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Rosie

Hell's Backbone Grill

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Boulder, Utah is the most inaccessible town in the state. This Mormon town with a population of 100 was the last place in the US in 1941 to receive mail by mule train. Don’t let that deter you from driving to Hell’s Backbone Grill although we ran into a snow storm with white outs coming over the 9000 foot pass and also had white knuckles after driving the “hog back” a sliver of road on the spine of a mountain with precipitous drops on both sides. But once in Boulder you will be able to dine at Hell’s Backbone Grill, a Buddhist based restaurant which specializes in organic regional cuisine using locally produced ingredients. When approaching Hell’s Backbone Grill you can’t help being moved by the Tibetan prayer flags and a small Buddha statue. We stayed at Boulder Mountain Lodge which is connected to the restaurant.

We had two breakfasts and two dinners here. For breakfast we savored the homemade organic granola with yogurt; steaming bowl of creamy oatmeal with stewed fruit; delectable apple-pecan streusel coffee cake; and oatmeal molasses bread that was so tasty that it didn’t need butter or jam.

For dinner some of the items we feasted on were organic greens house salad with jicama, pumpkin seeds, sweet dehydrated corn, and strawberries; black bean soup; free range chicken tortilla soup; pot roast with potatoes and vegetables; chipotle meatloaf; blue corn bread, cornmeal-molasses, and pecan skillet trout with pueblo rice and steamed spring vegetables; chile-crusted locally raised and grass fed filet mignon with poblano crema, lemony mashed potatoes, and spring vegetables; and. strawberry-rhubarb fool. The restaurant has a small wine and beer list.

I can highly recommend owners Blake Spalding and Jen Castle's inspiring and captivating stories and recipes which can be found in their newly published cookbook (I couldn’t put it down) called “With a Measure of Grace: The Stories and Recipes of a Small Town Restaurant” by Blake Spalding & Jennifer Castle with Lavinia Spalding and photos by Eric Swanson. It can be ordered online from their website at: http://www.hellsbackbonegrill.com/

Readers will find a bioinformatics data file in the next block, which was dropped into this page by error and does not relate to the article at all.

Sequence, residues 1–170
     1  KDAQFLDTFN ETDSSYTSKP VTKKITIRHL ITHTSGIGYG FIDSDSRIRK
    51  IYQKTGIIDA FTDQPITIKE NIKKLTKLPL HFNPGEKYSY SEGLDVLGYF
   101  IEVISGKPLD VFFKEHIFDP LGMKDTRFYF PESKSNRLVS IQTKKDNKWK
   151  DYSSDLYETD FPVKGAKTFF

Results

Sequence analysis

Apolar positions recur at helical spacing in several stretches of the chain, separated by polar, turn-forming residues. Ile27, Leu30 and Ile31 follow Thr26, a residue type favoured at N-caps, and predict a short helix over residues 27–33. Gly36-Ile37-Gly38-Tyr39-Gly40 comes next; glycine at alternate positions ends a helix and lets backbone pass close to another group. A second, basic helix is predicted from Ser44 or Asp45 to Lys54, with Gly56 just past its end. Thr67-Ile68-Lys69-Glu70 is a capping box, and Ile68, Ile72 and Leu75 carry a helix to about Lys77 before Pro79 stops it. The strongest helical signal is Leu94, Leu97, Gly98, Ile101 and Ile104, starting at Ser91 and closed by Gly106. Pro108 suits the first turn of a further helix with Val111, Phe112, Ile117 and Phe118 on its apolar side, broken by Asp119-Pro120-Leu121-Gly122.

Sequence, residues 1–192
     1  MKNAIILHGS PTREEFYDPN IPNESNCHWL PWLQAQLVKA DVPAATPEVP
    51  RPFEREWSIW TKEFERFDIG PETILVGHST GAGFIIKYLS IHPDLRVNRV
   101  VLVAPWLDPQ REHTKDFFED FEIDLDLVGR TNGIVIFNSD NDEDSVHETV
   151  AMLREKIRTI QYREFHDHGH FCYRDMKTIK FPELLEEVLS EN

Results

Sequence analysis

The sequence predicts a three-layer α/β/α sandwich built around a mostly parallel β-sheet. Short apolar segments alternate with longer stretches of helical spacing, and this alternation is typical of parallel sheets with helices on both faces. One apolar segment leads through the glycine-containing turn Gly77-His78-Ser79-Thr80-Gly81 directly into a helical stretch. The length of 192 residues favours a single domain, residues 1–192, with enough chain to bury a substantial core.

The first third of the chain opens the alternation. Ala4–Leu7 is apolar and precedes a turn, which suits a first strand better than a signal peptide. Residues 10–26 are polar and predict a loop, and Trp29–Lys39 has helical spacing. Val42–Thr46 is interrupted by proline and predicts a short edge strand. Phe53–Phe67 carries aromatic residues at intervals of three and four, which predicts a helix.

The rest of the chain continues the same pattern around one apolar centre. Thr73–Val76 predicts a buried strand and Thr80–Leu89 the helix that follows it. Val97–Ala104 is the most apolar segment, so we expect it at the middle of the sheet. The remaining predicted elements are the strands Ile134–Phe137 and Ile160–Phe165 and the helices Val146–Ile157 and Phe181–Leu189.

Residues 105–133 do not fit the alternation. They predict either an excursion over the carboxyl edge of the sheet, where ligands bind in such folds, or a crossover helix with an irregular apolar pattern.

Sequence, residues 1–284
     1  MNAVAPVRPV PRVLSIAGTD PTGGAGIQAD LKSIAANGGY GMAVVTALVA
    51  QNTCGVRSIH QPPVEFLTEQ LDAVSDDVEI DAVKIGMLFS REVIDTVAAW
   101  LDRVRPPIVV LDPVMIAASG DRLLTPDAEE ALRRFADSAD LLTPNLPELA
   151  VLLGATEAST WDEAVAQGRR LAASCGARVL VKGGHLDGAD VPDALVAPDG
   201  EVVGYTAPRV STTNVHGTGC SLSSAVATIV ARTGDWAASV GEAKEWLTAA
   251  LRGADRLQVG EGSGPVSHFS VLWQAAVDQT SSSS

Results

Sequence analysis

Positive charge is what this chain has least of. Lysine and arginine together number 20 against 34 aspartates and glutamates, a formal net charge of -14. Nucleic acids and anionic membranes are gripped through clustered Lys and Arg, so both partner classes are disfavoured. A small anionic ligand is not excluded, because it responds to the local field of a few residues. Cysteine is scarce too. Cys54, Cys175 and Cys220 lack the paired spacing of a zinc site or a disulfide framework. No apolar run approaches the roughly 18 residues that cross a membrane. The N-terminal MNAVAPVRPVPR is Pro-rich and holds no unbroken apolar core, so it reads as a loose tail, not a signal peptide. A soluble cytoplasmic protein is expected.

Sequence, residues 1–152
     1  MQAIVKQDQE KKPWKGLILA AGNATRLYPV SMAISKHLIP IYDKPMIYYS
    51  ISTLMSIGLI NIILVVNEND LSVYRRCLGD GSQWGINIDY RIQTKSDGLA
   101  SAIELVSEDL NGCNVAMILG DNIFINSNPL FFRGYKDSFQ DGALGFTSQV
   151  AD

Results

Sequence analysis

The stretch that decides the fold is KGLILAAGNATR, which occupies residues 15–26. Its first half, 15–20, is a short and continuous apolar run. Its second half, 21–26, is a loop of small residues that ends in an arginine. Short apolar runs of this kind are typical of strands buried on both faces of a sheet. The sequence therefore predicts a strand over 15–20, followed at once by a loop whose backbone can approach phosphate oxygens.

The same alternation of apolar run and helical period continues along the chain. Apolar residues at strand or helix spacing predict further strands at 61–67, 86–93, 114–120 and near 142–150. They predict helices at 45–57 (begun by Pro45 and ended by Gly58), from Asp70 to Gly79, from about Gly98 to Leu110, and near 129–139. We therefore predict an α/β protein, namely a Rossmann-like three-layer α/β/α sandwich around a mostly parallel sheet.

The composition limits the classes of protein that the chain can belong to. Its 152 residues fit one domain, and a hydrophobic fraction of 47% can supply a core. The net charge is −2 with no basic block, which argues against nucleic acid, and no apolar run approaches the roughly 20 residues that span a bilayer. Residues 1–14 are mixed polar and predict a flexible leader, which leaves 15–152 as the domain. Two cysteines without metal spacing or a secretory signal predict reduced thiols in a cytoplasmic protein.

Hell's Backbone Grill is open daily for breakfast and dinner including preordered takeout lunches for hikers; (435) 335-7464 or www.hellsbackbonegrill.com.


Rosalie Saferstein, aka "Rosie"

TABLE HOPPING WITH ROSIE

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Rosie,

Thanks for the great write up. "Measure of Grace " is my new favorite cookbook and the cause of a pilgrimage to Boulder later this summer. Now , I can't wait to get there.

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We stayed there last fall, and it is a very special place. I really liked the feel of this town, lodge and restaurant. The service is quite leisurely (or the kitchen, I couldn't tell which), and the sandwichs we took on a hike were not up to par, but breakfast and dinner were very nice, and the atmosphere and feel of the whole area is wonderful.


Fred Bramhall

A professor is one who talk's in someone else's sleep

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The sandwiches are made on a thick hearty herb bread so they will keep in the heat while hiking.


Rosalie Saferstein, aka "Rosie"

TABLE HOPPING WITH ROSIE

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Unfortunately, they were out of the bread, as I recall, and the sandwiches were wraps made in very stale tortillas. At least, I believe that was it. At any rate, we enjoyed our stay and food very much, with this exception.


Fred Bramhall

A professor is one who talk's in someone else's sleep